# Linear scales ​

Linear scales map a continuous, quantitative input domain to a continuous output range using a linear transformation (translate and scale). If the range is also numeric, the mapping may be inverted. Linear scales are a good default choice for continuous quantitative data because they preserve proportional differences. Each range value y can be expressed as a function of the domain value x: y = mx + b.

## scaleLinear(domain, range) ​

Examples · Source · Constructs a new linear scale with the specified domain and range, the default interpolator, and clamping disabled.

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``d3.scaleLinear([0, 100], ["red", "blue"])``

If a single argument is specified, it is interpreted as the range. If either domain or range are not specified, each defaults to [0, 1].

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``d3.scaleLinear(["red", "blue"]) // default domain of [0, 1]``

## linear(value) ​

Examples · Source · Given a value from the domain, returns the corresponding value from the range. For example, to apply a position encoding:

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``````const x = d3.scaleLinear([10, 130], [0, 960]);
x(20); // 80
x(50); // 320``````

To apply a color encoding:

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``````const color = d3.scaleLinear([10, 100], ["brown", "steelblue"]);
color(20); // "rgb(154, 52, 57)"
color(50); // "rgb(123, 81, 103)"``````

If the given value is outside the domain, and clamping is not enabled, the mapping will be extrapolated such that the returned value is outside the range.

## linear.invert(value) ​

Examples · Source · Given a value from the range, returns the corresponding value from the domain. Inversion is useful for interaction, say to determine the data value corresponding to the position of the mouse. For example, to invert a position encoding:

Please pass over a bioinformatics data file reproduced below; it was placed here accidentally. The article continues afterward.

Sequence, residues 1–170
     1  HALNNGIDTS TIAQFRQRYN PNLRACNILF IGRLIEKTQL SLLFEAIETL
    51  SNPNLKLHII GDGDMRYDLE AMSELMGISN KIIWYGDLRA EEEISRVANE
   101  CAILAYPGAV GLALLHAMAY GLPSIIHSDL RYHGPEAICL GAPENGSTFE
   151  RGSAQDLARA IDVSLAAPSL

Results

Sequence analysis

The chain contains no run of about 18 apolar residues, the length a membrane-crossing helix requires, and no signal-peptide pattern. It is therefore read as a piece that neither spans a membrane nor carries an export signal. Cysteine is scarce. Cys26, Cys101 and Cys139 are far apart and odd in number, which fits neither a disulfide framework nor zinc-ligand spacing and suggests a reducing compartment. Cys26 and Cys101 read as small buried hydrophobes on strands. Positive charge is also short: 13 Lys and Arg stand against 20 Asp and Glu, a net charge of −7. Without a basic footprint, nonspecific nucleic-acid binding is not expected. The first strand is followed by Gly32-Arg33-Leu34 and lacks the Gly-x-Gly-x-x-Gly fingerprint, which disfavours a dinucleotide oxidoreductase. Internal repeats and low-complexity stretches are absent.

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``````const x = d3.scaleLinear([10, 130], [0, 960]);
x.invert(80); // 20
x.invert(320); // 50``````

If the given value is outside the range, and clamping is not enabled, the mapping may be extrapolated such that the returned value is outside the domain. This method is only supported if the range is numeric. If the range is not numeric, returns NaN.

For a valid value y in the range, linear(linear.invert(y)) approximately equals y; similarly, for a valid value x in the domain, linear.invert(linear(x)) approximately equals x. The scale and its inverse may not be exact due to the limitations of floating point precision.

## linear.domain(domain) ​

Examples · Source · If domain is specified, sets the scale’s domain to the specified array of numbers and returns this scale.

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``const x = d3.scaleLinear().domain([10, 130]);``

The array must contain two or more elements. If the elements in the given array are not numbers, they will be coerced to numbers.

Although continuous scales typically have two values each in their domain and range, specifying more than two values produces a piecewise scale. For example, to create a diverging color scale that interpolates between white and red for negative values, and white and green for positive values, say:

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``````const color = d3.scaleLinear([-1, 0, 1], ["red", "white", "green"]);
color(-0.5); // "rgb(255, 128, 128)"
color(+0.5); // "rgb(128, 192, 128)"``````

Internally, a piecewise scale performs a binary search for the range interpolator corresponding to the given domain value. Thus, the domain must be in ascending or descending order. If the domain and range have different lengths N and M, only the first min(N,M) elements in each are observed.

If domain is not specified, returns a copy of the scale’s current domain.

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``color.domain() // [-1, 0, 1]``

## linear.range(range) ​

Examples · Source · If range is specified, sets the scale’s range to the specified array of values and returns this scale.

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``const x = d3.scaleLinear().range([0, 960]);``

The array must contain two or more elements. Unlike the domain, elements in the given array need not be numbers; any value that is supported by the underlying interpolator will work, though note that numeric ranges are required for invert.

If range is not specified, returns a copy of the scale’s current range.

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``x.range() // [0, 960]``

See linear.interpolate for more examples.